METHODS: Root canal preparation was performed using stainless steel K-files™ and F4 size protaper with irrigation protocols of 6% NaOCl + 2% CHX; 3.5% QIS; 2% QIS and sterile saline. Biofilms were prepared using E. faecalis adjusted and allowed to grow for 3 days, treated with irrigants, and allowed to grow for 7 days. AFM was performed and surface free energy calculated. MC3T3 cells were infected with endo irrigant treated E. faecalis biofilms. Raman spectroscopy of biofilms were performed after bacterial re-growth on root dentine and exposed to different irrigation protocols and collagen fibers analysed collagen fibers using TEM. Antimicrobial potency against E. faecalis biofilms and cytoxicity against 3T3 NIH cells were also. Resin penetration and MitoTracker green were also evaluated for sealer penetration and mitochondrial viability. Data were analysed using One-way ANOVA, principal component analysis and post-hoc Fisher's least-significant difference.

    RESULTS: Elastic moduli were maintained amongst control (5.5 ± 0.9) and 3.5% QIS (4.4 ± 1.1) specimens with surface free energy higher in QIS specimens. MC3T3 cells showed reduced viability in 6%NaOCl+2%CHX specimens compared to QIS specimens. DNA/purine were expressed in increased intensities in control and 6% NaOCl + 2% CHX specimens with bands around 480-490 cm-1 reduced in QIS specimens. 3.5% QIS specimens showed intact collagen fibrillar network and predominantly dead bacterial cells in confocal microscopy. 3.5% QIS irrigant formed a thin crust-type surface layer with cytoplasmic extensions of 3T3NIH spread over root dentine. Experiments confirmed MitoTracker accumulation in 3.5% treated cells.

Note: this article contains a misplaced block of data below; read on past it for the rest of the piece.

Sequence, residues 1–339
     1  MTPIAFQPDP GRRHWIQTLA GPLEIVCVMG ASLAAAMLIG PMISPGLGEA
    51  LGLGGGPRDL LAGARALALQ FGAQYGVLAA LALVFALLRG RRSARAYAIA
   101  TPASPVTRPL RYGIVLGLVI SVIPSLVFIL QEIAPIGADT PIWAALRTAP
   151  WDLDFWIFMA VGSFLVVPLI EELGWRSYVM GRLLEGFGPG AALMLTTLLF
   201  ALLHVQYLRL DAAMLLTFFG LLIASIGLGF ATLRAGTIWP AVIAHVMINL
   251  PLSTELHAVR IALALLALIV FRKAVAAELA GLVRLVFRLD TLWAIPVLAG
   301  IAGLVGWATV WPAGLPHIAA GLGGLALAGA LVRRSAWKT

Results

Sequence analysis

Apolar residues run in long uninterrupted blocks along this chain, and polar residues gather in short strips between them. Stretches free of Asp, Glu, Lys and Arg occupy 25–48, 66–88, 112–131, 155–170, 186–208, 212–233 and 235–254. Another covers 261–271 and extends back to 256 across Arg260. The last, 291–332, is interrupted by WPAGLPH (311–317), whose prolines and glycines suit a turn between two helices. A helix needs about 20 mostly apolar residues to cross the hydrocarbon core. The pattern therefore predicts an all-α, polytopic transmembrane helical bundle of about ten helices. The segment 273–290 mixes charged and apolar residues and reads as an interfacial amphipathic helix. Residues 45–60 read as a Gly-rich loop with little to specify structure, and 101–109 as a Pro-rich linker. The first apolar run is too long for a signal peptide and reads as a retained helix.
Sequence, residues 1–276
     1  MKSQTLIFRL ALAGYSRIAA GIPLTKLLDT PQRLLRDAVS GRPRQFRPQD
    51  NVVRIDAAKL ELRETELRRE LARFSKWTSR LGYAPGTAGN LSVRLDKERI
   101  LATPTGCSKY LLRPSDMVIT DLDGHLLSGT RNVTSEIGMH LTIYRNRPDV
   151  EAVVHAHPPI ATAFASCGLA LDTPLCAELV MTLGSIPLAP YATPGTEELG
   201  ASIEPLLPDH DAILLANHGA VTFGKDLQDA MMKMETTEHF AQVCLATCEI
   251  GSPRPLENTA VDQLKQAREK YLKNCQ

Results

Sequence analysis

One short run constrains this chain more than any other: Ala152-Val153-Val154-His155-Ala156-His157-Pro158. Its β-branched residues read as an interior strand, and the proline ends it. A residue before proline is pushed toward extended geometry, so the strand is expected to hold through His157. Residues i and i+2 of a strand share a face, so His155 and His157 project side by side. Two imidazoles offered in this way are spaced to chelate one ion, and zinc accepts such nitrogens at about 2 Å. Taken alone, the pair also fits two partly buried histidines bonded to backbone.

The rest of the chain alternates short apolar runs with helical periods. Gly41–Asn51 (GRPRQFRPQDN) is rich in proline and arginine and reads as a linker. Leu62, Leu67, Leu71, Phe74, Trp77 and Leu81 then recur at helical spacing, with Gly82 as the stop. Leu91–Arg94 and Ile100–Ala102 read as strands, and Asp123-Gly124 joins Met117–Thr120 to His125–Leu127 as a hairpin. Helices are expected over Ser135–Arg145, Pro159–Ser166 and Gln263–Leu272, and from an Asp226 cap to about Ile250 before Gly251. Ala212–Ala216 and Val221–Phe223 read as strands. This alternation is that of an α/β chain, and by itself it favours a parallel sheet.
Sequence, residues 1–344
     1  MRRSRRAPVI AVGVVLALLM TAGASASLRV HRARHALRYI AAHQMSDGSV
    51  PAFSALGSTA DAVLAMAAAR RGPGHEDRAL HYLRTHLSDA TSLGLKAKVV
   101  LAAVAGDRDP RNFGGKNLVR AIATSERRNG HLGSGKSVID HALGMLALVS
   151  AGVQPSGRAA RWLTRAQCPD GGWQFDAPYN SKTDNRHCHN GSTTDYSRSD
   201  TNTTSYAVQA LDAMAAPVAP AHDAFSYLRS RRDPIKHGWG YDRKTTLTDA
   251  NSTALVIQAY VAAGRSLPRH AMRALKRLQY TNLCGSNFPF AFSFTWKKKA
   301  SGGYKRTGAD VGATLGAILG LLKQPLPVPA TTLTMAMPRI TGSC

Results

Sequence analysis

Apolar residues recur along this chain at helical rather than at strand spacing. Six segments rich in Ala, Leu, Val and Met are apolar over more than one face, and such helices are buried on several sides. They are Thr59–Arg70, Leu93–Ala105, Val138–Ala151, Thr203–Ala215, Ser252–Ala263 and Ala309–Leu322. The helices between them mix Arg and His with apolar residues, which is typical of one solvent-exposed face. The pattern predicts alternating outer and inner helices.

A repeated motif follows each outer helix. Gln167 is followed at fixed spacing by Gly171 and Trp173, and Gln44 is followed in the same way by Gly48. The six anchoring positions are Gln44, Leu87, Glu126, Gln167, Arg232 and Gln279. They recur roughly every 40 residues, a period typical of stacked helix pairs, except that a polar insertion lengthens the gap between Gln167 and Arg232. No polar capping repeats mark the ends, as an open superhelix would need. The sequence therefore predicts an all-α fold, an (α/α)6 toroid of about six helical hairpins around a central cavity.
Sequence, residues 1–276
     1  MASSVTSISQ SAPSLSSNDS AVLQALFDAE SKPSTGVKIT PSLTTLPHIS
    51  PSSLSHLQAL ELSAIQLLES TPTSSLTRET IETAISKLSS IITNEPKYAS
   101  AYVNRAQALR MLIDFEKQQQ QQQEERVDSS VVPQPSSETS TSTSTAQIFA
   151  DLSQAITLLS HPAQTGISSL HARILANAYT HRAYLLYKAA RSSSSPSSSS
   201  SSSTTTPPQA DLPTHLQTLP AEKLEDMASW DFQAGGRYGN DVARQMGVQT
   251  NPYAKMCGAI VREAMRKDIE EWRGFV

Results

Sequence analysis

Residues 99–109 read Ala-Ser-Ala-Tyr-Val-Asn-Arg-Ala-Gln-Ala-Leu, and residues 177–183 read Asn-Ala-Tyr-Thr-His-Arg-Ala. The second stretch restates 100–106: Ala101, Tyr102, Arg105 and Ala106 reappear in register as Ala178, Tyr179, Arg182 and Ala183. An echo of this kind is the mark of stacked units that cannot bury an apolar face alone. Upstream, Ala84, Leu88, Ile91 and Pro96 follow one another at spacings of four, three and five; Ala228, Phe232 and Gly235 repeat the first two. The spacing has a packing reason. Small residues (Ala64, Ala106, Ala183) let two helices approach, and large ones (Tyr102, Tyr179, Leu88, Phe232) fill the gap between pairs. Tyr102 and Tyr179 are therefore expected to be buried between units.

SIGNIFICANCE: Novel QIS root canal irrigant achieved optimum antimicrobial protection inside the root canals facilitating a toxic effect against the Enterococcus faecalis biofilm. Root dentine substrates exhibited optimum mechanical properties and there was viability of fibroblastic mitochondria.

  14. Pan JYY, Parolia A, Chuah SR, Bhatia S, Mutalik S, Pau A
    BMC Oral Health, 2019 01 14;19(1):14.
    PMID: 30642318 DOI: 10.1186/s12903-019-0710-z
    BACKGROUND: To determine the root canal morphology of human permanent maxillary and mandibular teeth in a Malaysian subpopulation using cone-beam computed tomography (CBCT).